"It's great to see the power of the community behind Document Freedom
Day", says campaign coordinator Fernanda Weiden. "I am very proud of
the effort that so many people are putting into showing the world that
Open Standards and digital freedom are essential."
The City of Munich, Germany, receives this year's European Document
Freedom Day prize. "Munich shows in an exemplary manner what a large
public body can achieve with Free Software and Open Standards. The
LiMux project gives Munich a leading role in Europe. We hope that many
others will come to share this progressive approach", says Karsten
Gerloff, President of the Free Software Foundation Europe.
Various events are taking place around the world. In Brazil, the
Federal Data Processing Company - Serpro - is holding events in 10
cities. In the European Parliament, experts are discussing Open
Standards as a means to guarantee access to cultural works in the long
term. Groups in Argentina, Belgium, Brazil, Croatia, Greece, Germany,
Italy, Mexico, Netherlands, Panama, Portugal, Spain and United Kingdom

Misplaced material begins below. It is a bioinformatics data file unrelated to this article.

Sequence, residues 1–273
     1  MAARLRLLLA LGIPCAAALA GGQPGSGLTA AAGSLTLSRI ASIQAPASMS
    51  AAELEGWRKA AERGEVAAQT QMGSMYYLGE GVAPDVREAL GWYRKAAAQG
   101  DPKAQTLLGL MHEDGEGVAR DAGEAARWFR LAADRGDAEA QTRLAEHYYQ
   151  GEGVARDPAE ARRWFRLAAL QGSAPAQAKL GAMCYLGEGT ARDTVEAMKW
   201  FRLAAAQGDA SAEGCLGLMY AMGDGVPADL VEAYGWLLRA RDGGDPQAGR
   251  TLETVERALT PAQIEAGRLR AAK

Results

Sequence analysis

are participating in this year’s celebration.
Open Standards are a common language, publicly documented, that
computer programs can speak. They are central to interoperability and
freedom of choice in technology. Open Standards allow Free Software
developers to create programs that can interoperate with other
solutions, so users can migrate away from proprietary solutions.
There is still time to join this celebration! Check for a nearby event
at http://documentfreedom.org/2011/events/events.en.html and
Document Freedom Day 2011 is facilitated by the Free Software
Foundation Europe, and supported by campaign patrons Google and
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